If so, this book is for you.
As president of Fuller Seminary and former professor at Calvin College, Richard J. Mouw has spent many decades as an evangelical. All of them, he says, were restless years. This book is his explanation of why he's choosing to stay.
These are trying times for evangelicals. Cultural pressures from the outside and deep disagreements on the inside make evangelicalism an uncomfortable place for many Christians. The most recent national election in the US, to cite just one example, threatened to split families right down the middle.
Mouw takes us behind the scenes in the institutions where he has served to demonstrate that evangelicalism has always been this way. He reminds us of the core tenets that hold such a diverse group together, suggesting that these central values -- belief in the need for conversion, the authority of the Bible, the centrality of the cross, and an emphasis on daily discipleship -- cannot be found in this combination anywhere else.
He talks about Billy Graham, Christianity Today, Ann Voskamp, World Vision, and the National Association for Evangelicals on the one hand, as well as Norman Vincent Peale, Robert Schuller, Rob Bell, and the National Council of Churches on the other. We learn about his efforts to promote Mormon-Evangelical and other types of inter-faith dialogue without watering down his own Evangelical commitments. We read of his lonely engagement in the civil rights movement and politics during the 1960s when many Evangelicals' only concern was to "save souls." He wrestles with the individual and communal aspects of salvation and considers the value of both hymns and contemporary worship songs. In the end, he advocates "holding on while staying restless" as an Evangelical.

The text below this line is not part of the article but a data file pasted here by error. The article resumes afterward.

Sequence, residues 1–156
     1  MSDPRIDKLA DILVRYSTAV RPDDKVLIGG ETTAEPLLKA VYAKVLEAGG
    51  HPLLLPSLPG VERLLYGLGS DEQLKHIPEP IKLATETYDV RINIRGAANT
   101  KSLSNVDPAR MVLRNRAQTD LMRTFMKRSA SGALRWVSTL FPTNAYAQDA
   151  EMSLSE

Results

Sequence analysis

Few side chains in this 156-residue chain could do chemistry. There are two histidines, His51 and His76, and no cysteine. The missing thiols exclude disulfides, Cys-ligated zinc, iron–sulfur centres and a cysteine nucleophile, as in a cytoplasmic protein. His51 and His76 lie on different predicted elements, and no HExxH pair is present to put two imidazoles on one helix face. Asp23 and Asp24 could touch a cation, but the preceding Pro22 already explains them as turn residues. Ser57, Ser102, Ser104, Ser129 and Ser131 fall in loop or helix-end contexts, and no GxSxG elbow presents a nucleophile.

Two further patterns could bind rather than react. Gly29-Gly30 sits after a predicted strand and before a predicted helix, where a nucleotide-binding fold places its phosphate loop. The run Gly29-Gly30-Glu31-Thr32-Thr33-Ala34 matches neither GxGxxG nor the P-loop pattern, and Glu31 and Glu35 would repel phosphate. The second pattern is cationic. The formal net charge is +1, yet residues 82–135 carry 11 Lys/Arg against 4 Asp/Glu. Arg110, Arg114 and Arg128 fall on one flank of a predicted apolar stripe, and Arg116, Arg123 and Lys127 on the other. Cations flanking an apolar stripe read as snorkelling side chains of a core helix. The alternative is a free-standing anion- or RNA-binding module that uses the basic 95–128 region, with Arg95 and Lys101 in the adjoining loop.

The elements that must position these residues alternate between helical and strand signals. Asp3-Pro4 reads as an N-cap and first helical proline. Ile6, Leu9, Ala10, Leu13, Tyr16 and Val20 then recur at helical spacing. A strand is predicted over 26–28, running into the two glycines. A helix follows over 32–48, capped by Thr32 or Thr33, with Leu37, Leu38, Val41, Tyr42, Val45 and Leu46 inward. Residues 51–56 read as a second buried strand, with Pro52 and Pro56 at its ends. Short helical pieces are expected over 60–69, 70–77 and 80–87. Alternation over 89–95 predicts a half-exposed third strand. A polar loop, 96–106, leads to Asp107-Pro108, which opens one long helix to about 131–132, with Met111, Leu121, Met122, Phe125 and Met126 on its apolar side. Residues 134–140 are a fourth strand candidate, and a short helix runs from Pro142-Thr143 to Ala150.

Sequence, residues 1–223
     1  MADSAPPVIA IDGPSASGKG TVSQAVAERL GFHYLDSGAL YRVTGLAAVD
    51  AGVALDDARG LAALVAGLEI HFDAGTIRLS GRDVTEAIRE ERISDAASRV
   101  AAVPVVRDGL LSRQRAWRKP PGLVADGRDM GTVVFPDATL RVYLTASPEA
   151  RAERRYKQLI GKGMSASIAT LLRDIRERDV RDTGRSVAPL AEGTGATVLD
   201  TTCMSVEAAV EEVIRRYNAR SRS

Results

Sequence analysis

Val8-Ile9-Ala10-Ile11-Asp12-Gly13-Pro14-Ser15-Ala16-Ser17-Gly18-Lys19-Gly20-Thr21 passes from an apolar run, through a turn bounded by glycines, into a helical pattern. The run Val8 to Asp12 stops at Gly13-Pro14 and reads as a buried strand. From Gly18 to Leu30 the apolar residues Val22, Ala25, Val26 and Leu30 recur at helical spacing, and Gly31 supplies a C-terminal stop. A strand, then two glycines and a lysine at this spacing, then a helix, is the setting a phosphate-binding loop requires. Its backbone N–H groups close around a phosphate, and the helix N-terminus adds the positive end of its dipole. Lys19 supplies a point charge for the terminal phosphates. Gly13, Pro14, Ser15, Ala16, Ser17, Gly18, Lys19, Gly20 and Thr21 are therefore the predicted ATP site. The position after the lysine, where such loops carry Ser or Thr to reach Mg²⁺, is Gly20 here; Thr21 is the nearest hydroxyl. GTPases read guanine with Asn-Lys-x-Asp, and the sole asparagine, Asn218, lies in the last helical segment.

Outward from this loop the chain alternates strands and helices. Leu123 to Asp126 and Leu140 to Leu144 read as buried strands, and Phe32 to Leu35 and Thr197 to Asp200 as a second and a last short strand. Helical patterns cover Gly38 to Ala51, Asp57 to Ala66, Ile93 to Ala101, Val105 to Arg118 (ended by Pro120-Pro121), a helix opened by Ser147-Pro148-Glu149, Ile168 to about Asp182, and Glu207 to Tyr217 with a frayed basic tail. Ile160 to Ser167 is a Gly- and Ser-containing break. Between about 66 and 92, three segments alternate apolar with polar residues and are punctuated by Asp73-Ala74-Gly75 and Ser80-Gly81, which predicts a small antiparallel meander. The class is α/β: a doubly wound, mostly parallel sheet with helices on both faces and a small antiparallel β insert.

Speaking as an academic, I did not find the book to be heavy reading, but rather patchwork autobiography in accessible prose. Yet one does not have to know Richard Mouw to appreciate his reflections -- his wisdom shines through on every page and offers hope for Evangelicals who are feeling squirmy in today's politicized climate. He concludes,
"For me, the only way to be a properly functioning evangelical is to keep arguing about what it means to be an evangelical. Restlessness in claiming that label has long been the way I have kept moving. I hope that many of us can stay restless as we hold on while exploring together whether the best way to remain faithful to the legacy is to let go of the label. . . . For the present, I am inclined to go with the second option -- working for evangelical renewal, rather than simply allowing the movement's label to be co-opted by leaders who have departed from the best of the legacy." (174)If you share his restlessness, this book may be just the thing you need to refresh your perspective and refuel your evangelical commitment. Mouw does not suggest that we hold doggedly to the label "evangelical," but he offers good reasons to keep it for the time being.